|Perhaps the most monumental and eagerly anticipated event of the year for Jehovah's
Witnesses is the annual District Convention. The Watchtower Society utilizes this
quasi-spiritual event as a colossal fund raiser in the efforts for mass financial gain.
Watchtower leaders have sinister motives, attempting to control the finances of all
Jehovah's Witnesses in attendance. These bona fide cult leaders utilize controlling
tactics, realizing that the less money their members spend while attending the
District Convention, the more money they will insert in the contribution boxes. As
you will see from the following evidence, Watchtower leaders stop at nothing in
their efforts for mass financial consumption.
Perhaps the most notorious in the
Watchtower Society's "prepaid
parking ticket scheme" occurred at
the District Convention in Tacoma
Washington. A number of years
ago, the Society was caught red
handed for charging Jehovah's
Witnesses for prepaid parking for
the District Convention in which
the parking was already included in
the rental fee.
The average amount of money generated from District Conventions is estimated at
about $15-20.00 per attendee. The money sent to Watchtower big wigs is tax free, and
is sent after all expenses have been paid. With more than one million Jehovah's
Witnesses in the United States alone, the money sent to the Society from District
Conventions would average out to roughly 15-20 million dollars. Perhaps the most
predominant in the Watchtower Society's efforts for mass financial consumption is
generated through charging the Witnesses for parking their vehicles at District
Conventions. For example, Jehovah's Witnesses who attended the District Assembly
in Amherst Massachusetts purchased parking tickets in advance from the local
Kingdom Halls for about two dollars a day. However, these prepaid parking tickets
reserved a parking space in a field adjacent to the site, not on the site. It is
transparently obvious that the Society seized another opportunity for mass financial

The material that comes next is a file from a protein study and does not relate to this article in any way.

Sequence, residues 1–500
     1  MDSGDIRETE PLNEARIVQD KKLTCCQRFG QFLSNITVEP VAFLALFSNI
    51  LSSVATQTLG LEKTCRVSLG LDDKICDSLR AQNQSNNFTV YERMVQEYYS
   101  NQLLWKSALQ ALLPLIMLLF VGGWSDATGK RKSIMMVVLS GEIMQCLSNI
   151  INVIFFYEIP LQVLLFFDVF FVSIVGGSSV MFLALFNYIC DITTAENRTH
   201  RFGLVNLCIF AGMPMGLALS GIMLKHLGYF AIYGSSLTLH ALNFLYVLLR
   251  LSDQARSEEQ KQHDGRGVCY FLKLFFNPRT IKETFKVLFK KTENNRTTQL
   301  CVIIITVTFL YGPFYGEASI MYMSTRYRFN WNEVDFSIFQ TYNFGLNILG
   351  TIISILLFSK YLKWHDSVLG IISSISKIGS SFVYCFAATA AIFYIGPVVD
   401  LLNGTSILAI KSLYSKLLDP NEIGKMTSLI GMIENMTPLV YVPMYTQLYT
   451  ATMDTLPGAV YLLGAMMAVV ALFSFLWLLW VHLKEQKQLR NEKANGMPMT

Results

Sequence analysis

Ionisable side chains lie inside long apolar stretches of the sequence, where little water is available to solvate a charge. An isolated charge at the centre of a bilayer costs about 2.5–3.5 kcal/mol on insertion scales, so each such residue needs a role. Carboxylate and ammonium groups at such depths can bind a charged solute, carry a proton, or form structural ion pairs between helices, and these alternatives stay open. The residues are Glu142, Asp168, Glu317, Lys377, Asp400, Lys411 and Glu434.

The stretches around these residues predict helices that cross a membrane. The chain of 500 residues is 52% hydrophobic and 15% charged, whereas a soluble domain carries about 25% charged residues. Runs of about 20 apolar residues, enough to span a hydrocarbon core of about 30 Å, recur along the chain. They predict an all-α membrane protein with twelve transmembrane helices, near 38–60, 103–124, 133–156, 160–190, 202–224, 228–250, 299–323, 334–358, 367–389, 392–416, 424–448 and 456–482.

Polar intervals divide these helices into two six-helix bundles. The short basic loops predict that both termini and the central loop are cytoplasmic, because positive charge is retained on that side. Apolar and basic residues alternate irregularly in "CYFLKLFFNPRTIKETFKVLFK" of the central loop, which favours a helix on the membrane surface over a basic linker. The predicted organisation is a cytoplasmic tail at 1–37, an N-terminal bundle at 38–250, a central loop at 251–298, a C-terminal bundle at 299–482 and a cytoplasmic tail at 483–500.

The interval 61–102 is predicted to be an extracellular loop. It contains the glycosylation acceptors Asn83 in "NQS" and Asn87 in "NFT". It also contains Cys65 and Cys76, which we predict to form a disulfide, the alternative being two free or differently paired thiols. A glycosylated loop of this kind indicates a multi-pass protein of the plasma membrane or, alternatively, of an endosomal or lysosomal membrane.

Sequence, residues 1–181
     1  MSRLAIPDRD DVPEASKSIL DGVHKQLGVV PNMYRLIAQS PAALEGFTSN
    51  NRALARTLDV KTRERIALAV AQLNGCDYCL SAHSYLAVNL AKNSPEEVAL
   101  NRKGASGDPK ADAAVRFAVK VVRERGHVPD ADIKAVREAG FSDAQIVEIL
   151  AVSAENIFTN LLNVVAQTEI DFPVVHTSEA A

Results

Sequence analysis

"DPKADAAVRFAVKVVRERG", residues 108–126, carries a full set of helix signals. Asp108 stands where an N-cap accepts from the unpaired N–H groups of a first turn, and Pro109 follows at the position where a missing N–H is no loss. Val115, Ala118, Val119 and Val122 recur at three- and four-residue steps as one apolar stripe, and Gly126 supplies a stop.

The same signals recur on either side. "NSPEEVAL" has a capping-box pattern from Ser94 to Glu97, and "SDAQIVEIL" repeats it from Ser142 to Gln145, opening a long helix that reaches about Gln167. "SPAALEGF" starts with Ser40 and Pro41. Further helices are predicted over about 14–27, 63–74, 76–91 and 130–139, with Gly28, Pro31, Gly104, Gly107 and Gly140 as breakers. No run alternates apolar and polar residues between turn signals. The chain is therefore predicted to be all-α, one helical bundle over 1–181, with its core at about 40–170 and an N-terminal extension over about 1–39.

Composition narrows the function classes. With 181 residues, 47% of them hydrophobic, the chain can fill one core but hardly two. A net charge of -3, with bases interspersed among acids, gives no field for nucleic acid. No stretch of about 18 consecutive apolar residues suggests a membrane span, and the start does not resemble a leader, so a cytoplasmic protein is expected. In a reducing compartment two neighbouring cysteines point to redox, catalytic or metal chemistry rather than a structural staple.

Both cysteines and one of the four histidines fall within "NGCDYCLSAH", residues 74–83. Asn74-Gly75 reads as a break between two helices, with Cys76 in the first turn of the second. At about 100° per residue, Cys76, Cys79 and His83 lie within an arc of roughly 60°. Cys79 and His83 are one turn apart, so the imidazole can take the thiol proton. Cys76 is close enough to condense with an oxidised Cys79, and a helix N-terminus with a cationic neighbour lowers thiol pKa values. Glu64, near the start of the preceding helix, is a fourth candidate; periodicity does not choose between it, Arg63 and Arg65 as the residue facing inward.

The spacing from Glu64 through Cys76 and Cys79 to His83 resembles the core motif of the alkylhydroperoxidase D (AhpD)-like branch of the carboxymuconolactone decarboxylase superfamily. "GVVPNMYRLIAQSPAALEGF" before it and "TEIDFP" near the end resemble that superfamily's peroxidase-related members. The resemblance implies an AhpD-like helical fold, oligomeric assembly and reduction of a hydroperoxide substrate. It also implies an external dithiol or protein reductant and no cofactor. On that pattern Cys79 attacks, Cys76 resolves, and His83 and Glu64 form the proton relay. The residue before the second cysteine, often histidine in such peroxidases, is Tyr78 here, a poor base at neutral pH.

gain. If roughly 5,000 were in attendance, and perhaps 2,000 car groups purchased
prepaid tickets, that averages out to an extra $4000.00 sent to the Society for this
District Convention alone. Watchtower leaders utilize the "prepaid parking ticket
scheme" at many District Conventions.
All those attending the District Convention are also discouraged from buying food and
drinks from vendors around the convention site; Witnesses are encouraged to brown
bag their lunches and to eat it on the convention site. The convention attendees are
emphatically told to be at all sessions and it is redundantly stated to get to bed early so
they will be well rested for the following day of spiritual food. All of these strict
instructions given by Watchtower leaders have a common devious thread. This
multi-national and multi-billion dollar business empire utilizes clever and
manipulative tactics to retain loyal members and their financial contributions.
Before we discuss the infamous parking lot scandal, it is important to review every
aspect in which Watchtower leaders control the finances of their followers at District
Conventions. All of the tactics used are masterfully and carefully orchestrated to
convince Jehovah's Witnesses to place more money into the contribution boxes.
Watchtower leaders guarantee local
hotels that their facilities will be filled
at District Convention time; therefore,
these lodging facilities offer discounts
to the Witnesses. Jehovah's Witnesses
are given strict instruction to stay at
the lodging on the list.
Notice how cleverly the Watchtower
Society insinuates that violating their
lodging rules brings reproach upon
God. This is the devious tactic they use
to conceal their underhanded intentions.
The less money loyal followers spend
on lodging, the more money they put
into the contribution boxes.
The Watchtower Society deviously pocketed the money from unsuspecting Jehovah's
Witnesses who had no clue what the rental agreement truly entailed. Watchtower
leaders had previously negotiated with Tacoma city officials and established that
parking lot fees would not be charged to the Witnesses in attendance. However, the
Watchtower Society sent letters to the elders within the local congregations
instructing them to sell parking tickets for about four dollars a piece; an outright
deceptive scam considering what the Society had previously arranged. The few elders
who knew about the money making scam were given strict instruction to keep this
information hidden from the Jehovah's Witness community and the Tacoma city
officials. If it weren't for one former Jehovah's Witness exposing this deceptive act
from the Watchtower Society, many would have never known about it. Negotiation of
rental contracts for public meeting places such as District Conventions is an art, and
the Watchtower Society is masterful in this business dealing. Watchtower leaders
know how to drain every last penny from city officials.
Although Jehovah's Witnesses firmly believe that Watchtower leaders are concerned
for them as individuals, the devious District Convention scandals alone should raise
a red flag and embed doubts in the organization they slavishly devote their lives to. It
is transparently obvious that the Watchtower Society is far more concerned with the
consumption of mass financial gain through underhanded business schemes than the
spiritual welfare of their followers.